Raymond Earl Spaulding IV -- aka "Ray Ray" -- is just 13 years old, but he's a serious deer hunter. The Rochester resident killed his first buck when he was 11 years old, and another when he was 12, but in each of those seasons he also saw the buck of his dreams yet failed to get a shot at it.This year, he was determined to write a different ending to that story.So on Nov. 7, he and his father, Raymond, were in their hunting shack east of Spring Valley when the sun rose.
The hottest sports topic in Minnesota right now should be the strong start of the Minnesota Timberwolves, who as I write this column have won five straight and are 7-3. Jimmy "Buckets" Butler has been transformational, with the Wolves becoming a squad that comes through in big moments, rather than fading. But people aren't talking much about the Wolves.Nor are they talking about the dreadful start for the Minnesota Wild.
On Jan. 11, 1987, Denver Broncos quarterback John Elway engineered a game-tying, 15-play, 98-yard drive in the final five minutes of the AFC championship game against the Cleveland Browns. Denver went on to beat Cleveland in overtime, and those five minutes are known in football history simply as "The Drive. "Move over, Elway.
Muck Rack makes it simple to find people, tweets, or articles that mention any name, keyword, company, hashtag etc. We've compiled this guide to help you make the most of your search.
Selecting a term
Start searching tweets, articles from media outlets, articles mentioned in tweets, journalists'
names, titles and bios with some suggested searches:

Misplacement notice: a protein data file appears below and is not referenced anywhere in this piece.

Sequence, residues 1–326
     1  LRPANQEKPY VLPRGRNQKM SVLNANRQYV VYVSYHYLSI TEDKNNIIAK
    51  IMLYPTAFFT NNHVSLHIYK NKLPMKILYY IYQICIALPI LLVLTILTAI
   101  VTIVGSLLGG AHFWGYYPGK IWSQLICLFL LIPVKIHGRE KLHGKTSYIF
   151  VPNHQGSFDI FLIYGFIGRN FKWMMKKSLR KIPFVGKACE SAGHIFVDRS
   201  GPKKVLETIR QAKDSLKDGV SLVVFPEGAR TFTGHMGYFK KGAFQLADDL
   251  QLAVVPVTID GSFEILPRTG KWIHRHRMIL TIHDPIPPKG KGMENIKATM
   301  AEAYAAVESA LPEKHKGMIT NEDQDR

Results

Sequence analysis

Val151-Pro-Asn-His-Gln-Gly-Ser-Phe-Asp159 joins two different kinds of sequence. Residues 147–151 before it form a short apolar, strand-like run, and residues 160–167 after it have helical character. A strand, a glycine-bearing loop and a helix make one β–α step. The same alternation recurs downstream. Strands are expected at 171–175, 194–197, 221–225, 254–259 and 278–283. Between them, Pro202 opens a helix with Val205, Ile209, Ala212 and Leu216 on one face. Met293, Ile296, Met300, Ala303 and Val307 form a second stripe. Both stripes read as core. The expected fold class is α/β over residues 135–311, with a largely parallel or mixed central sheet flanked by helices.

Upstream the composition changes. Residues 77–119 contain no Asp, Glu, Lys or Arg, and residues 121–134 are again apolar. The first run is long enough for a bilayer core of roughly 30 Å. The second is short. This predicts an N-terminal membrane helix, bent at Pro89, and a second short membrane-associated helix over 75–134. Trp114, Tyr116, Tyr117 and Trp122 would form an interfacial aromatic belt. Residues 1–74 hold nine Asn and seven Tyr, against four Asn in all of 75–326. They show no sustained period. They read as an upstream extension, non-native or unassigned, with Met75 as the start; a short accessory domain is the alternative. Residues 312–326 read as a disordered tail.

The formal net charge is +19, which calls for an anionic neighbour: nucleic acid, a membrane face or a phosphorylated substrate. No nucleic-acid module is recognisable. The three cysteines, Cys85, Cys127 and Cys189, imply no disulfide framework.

Companies or Topics (e.g. iPhone, Microsoft)
Phrases (e.g. "cloud computing") — use quotes to keep the terms together
Twitter handles (e.g. @username) — returns those who have mentioned or replied to
Names (e.g. "David Pogue")
Hashtags (e.g. #sxsw, #london2012)
Bio details (e.g. vegan, Olympics, father)
Muck Rack's Advanced Search allows for many boolean operators.
Find results that mention multiple specified terms, use AND or
+. For example, ensure each result contains both Elon Musk and Mark Zuckerberg by
searching Musk AND Zuckerberg or Musk + Zuckerberg.
Use the operators OR or , to broaden your search when you'd like either of
multiple terms to appear in results. (This is the default behavior of our search when no operators
are used). For example, results will contain either cake or cookie by searching cake OR cookie or cake,cookie
Use NOT or - to subtract results from your search. For
example, searching Disney will yield results about the Walt Disney Company as well as Walt Disney
World Resort. To exclude mentions of Disney World, search for Disney -World or Disney
When using one of these operators with a phrase, enclose it in quotation marks. For example, you can
find results about smartphones excluding Apple's iPhone 4S by searching smartphone -"iPhone
Exact case matching or punctuation
If you're searching for a brand name or keyword that relies on specific punctuation marks or capitalization, you can
find results that match your exact query by adding matchcase: before the keyword you're searching for, like matchcase:E*TRADE .
Use parentheses to separate multiple
boolean phrases. For example, to find journalists talking about having fun in Disney World or
Disneyland, search for ("disney world" OR disneyland) AND fun.
An asterisk can be used to search for any variation of a root word truncated by the asterisk. For example, searching for admin* will return results for administrator, administration, administer, administered, etc.
A near operator is an AND operator where you can control the distance between the words. You can vary the distance the near operation uses by adding a forward slash and number (between 0-99) such as strawberries NEAR/10 "whipped cream", which means the strawberries must exist within 10 words of "whipped cream".